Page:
Do you like taking a yacht and heading for points unknown? In that case, the Kadey-Krogen 48 North Sea is a fine choice to live aboard and travel to far-flung destinations.
“The  embodies our tag line, ‘At home on any sea.’ She’s a go-anywhere vessel,” said Larry Polster, Kadey-Krogen’s vice president. Polster gave impressive numbers to support his statement. Powered by a single 210 hp Caterpillar diesel (later models have a 200 hp John Deere), the 48 is good for more than 4,600 nautical miles at 6 knots. At 8 knots, it’ll take about 2,000 nautical miles to burn through her 1,000-gallon fuel capacity.
Bluewater performance and cruising safety are paramount in the 48’s build. Her full-displacement hull is solid fiberglass below the waterline and reinforced with Kevlar. Deep in the keel, 4,500 pounds of encapsulated lead ballast settles her lower in the water for increased stability.
If safe passage-making is one key element in her design, the other is at-home comfort. Owners “feel like they are cruising in their living room,” Polster says. This is partly because of the salon and galley’s open floor plan. Large windows in her superstructure and an aft sliding glass door allow light to flood the space. Galley stowage is built to last for multiple weeks of bluewater cruising, and, on later models, a full-size Viking stove is the pièce de résistance in a chef-appointed galley.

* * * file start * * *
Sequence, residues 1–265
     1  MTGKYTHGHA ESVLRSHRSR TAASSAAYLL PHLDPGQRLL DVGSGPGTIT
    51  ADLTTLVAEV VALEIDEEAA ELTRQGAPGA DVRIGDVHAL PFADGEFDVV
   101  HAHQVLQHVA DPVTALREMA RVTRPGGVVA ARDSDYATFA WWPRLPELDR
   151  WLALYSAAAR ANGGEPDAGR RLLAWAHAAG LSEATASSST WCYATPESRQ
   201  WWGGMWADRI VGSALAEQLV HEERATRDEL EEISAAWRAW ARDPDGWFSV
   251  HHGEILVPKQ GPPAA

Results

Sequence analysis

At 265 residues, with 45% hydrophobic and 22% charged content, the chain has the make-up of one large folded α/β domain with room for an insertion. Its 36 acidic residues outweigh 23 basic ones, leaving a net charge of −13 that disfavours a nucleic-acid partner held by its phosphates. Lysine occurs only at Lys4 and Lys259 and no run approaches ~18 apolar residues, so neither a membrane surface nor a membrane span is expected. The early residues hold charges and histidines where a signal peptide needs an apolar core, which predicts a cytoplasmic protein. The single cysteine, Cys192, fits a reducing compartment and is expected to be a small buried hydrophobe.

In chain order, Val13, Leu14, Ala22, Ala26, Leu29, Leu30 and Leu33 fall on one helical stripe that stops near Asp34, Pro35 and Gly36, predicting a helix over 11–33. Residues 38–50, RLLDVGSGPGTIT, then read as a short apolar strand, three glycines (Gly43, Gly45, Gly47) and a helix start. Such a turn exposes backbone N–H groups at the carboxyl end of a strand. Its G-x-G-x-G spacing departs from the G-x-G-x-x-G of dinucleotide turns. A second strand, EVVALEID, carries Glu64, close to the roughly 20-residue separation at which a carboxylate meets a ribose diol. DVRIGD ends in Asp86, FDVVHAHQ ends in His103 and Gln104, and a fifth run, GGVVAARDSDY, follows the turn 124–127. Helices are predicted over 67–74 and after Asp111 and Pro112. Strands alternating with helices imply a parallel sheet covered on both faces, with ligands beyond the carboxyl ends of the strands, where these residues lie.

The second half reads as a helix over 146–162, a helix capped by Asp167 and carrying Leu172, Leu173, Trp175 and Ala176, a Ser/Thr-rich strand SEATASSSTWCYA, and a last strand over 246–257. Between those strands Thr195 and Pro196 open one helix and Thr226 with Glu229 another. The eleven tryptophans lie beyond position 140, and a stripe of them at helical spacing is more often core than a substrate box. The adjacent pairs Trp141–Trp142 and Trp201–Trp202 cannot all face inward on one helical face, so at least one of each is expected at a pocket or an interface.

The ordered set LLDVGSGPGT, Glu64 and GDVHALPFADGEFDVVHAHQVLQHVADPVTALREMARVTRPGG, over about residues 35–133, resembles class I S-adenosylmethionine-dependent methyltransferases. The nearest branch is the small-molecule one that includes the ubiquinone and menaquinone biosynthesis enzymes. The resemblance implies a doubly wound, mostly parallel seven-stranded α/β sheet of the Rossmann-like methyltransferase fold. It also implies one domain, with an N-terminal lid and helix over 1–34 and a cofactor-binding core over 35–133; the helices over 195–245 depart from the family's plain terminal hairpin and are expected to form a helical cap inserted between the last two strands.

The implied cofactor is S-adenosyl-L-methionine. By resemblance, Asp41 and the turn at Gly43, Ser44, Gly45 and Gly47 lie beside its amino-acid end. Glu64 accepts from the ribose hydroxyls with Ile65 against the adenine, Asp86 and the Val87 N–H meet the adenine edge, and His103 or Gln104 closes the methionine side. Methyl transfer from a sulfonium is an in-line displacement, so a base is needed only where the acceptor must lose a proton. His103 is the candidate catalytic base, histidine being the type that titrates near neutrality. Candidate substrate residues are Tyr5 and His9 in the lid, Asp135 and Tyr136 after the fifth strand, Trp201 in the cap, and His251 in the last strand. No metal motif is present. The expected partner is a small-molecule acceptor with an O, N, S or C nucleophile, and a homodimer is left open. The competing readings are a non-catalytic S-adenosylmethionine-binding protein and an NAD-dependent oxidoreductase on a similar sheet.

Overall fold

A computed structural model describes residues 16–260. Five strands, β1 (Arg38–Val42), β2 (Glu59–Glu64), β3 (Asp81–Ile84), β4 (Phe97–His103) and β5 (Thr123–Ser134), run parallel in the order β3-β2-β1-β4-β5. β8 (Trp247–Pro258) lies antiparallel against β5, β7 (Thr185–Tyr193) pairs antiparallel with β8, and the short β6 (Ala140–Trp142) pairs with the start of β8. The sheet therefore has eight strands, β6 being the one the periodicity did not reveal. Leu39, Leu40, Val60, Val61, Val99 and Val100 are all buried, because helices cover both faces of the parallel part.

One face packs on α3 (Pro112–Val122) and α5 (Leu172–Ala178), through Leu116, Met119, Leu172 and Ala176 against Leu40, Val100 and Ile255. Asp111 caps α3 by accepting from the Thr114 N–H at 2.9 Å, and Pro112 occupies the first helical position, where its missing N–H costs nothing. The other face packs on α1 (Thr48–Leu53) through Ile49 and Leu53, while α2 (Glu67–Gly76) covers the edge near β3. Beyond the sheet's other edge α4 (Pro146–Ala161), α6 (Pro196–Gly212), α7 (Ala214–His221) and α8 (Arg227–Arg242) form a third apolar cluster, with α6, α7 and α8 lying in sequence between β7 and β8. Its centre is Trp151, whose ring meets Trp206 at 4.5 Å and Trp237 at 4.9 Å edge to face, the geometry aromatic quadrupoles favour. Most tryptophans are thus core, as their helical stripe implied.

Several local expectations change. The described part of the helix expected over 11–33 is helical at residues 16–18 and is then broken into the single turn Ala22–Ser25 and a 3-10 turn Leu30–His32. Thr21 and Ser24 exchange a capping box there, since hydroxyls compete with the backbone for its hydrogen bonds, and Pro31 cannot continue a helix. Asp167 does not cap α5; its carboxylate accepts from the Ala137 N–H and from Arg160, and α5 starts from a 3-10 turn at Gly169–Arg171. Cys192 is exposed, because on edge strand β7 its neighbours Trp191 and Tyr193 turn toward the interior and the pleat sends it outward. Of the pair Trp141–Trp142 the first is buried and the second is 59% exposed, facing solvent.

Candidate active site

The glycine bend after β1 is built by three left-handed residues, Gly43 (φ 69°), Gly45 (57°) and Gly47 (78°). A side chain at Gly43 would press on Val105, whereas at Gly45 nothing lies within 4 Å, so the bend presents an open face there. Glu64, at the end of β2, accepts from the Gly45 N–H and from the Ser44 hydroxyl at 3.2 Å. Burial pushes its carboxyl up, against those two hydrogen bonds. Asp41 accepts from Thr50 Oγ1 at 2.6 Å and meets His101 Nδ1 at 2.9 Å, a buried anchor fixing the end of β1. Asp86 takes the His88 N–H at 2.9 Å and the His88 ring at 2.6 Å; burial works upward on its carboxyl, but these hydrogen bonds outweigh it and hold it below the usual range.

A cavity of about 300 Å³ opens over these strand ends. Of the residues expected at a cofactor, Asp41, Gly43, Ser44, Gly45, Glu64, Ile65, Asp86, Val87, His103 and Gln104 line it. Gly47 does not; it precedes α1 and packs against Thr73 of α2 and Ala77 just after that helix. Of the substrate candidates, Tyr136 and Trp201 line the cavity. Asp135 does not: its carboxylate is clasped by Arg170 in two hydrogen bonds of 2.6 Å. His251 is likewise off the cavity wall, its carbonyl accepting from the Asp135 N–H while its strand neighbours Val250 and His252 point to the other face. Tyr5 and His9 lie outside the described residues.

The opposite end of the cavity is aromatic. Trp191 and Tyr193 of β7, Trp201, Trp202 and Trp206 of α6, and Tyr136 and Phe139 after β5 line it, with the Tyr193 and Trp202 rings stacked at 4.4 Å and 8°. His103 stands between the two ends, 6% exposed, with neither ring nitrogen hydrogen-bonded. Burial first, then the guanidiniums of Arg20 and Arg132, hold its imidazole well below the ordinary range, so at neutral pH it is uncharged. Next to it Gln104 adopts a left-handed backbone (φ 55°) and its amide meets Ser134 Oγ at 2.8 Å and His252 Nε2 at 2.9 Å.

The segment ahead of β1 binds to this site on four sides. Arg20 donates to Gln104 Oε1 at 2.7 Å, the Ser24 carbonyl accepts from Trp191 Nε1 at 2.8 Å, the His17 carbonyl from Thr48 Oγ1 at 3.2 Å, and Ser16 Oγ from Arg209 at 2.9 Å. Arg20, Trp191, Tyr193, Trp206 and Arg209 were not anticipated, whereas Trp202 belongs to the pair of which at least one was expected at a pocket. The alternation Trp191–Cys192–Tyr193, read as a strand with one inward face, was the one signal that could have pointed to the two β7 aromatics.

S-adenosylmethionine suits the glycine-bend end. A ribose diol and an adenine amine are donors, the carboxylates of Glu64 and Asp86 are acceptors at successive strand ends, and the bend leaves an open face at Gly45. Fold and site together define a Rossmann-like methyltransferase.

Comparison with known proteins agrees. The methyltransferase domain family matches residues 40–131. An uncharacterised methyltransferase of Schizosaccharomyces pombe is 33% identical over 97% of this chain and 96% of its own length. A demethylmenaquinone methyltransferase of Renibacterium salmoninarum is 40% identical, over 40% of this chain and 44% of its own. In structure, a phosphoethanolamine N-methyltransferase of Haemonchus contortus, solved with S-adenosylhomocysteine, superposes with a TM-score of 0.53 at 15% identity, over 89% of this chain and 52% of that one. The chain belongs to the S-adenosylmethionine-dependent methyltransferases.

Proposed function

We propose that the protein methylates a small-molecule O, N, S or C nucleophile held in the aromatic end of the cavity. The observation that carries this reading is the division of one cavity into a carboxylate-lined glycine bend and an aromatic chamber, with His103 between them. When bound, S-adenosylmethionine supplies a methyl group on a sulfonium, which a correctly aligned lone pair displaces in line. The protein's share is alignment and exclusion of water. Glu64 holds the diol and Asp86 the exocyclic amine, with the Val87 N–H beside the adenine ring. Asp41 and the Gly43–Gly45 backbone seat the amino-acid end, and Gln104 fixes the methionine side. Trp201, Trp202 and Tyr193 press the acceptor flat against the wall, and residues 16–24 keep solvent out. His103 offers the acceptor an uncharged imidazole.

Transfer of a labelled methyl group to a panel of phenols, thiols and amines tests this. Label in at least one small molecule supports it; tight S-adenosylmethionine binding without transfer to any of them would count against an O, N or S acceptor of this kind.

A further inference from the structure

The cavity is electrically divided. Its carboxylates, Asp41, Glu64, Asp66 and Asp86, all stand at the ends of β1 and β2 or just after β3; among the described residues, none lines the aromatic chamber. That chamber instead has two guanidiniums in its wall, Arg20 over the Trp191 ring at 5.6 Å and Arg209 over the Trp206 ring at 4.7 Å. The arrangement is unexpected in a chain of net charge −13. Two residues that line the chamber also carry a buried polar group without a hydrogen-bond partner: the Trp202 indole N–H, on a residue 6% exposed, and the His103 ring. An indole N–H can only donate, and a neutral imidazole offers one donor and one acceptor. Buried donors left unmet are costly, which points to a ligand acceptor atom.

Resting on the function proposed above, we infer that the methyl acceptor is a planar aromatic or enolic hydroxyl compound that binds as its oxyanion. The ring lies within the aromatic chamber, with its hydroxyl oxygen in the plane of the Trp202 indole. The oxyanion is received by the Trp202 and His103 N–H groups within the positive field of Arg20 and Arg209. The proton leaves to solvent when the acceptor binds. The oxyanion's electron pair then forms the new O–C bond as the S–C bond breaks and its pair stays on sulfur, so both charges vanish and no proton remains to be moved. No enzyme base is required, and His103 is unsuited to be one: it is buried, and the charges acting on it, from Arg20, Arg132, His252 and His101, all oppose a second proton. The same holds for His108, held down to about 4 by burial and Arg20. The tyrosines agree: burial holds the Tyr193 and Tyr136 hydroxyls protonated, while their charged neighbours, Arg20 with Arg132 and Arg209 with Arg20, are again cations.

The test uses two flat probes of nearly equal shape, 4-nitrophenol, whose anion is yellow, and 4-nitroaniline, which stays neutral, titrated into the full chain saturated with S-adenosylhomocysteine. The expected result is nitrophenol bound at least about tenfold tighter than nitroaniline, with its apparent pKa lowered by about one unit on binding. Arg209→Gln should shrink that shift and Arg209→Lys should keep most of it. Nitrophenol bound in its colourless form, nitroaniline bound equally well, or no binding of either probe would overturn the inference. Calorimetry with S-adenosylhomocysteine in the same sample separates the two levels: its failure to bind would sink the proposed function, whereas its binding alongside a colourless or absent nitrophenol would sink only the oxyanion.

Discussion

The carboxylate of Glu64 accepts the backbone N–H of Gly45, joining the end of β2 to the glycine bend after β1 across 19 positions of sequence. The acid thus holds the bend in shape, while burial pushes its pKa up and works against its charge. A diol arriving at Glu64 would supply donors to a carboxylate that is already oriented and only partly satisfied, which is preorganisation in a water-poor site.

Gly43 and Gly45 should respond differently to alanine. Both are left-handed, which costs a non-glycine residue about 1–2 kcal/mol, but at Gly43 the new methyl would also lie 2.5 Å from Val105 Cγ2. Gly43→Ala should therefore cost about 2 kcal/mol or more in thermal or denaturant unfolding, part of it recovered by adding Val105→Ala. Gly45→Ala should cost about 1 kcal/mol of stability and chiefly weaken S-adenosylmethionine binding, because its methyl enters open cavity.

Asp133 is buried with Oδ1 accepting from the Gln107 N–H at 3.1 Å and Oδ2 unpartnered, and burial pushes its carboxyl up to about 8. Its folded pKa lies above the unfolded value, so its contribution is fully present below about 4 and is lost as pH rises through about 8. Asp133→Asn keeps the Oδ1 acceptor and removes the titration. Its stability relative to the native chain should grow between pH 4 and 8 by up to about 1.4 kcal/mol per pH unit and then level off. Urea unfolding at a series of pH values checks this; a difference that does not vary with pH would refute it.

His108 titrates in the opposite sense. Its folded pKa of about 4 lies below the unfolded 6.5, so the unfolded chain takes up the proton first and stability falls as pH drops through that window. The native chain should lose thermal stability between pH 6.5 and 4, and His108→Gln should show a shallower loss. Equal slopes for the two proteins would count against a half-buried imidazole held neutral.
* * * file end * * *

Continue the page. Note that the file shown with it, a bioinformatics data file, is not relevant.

Of the two layouts available for the salon, I like the Wide Body 48. On this model, the salon is made larger by pushing the space all the way to the port gunwale. You lose the port side deck, but the covered 24-inch-wide walkway is retained to starboard. The extra interior volume is worth the trade-off. Belowdecks, owners had a choice of two or three staterooms, with a forepeak master in both layouts.
For the helmsman, the pilothouse is three steps up from the salon. It’s an ideal gathering spot while underway in poor conditions; like most people, I would prefer the flybridge in nice weather.
Polster mentioned that owners often refer to the aft deck — completely covered by the aft section of the flybridge — as the “back porch.” They’ve figured out how to get four-season use out of the space. In the South, it’s screened. In cooler climates, Isinglass and an electric stove are the choices for one owner who spends his fall Sunday afternoons watching football.
From 1995 to 2010, Kadey-Krogen delivered 49 of its 48-footers. At press time, only five were available, ranging from $499,000 to $675,000 for a well-optioned 2006 model. If I had my way, I’d be taking that 2006 from New York City to swim with the piggies of Exuma in the Bahamas, all on one tank of diesel.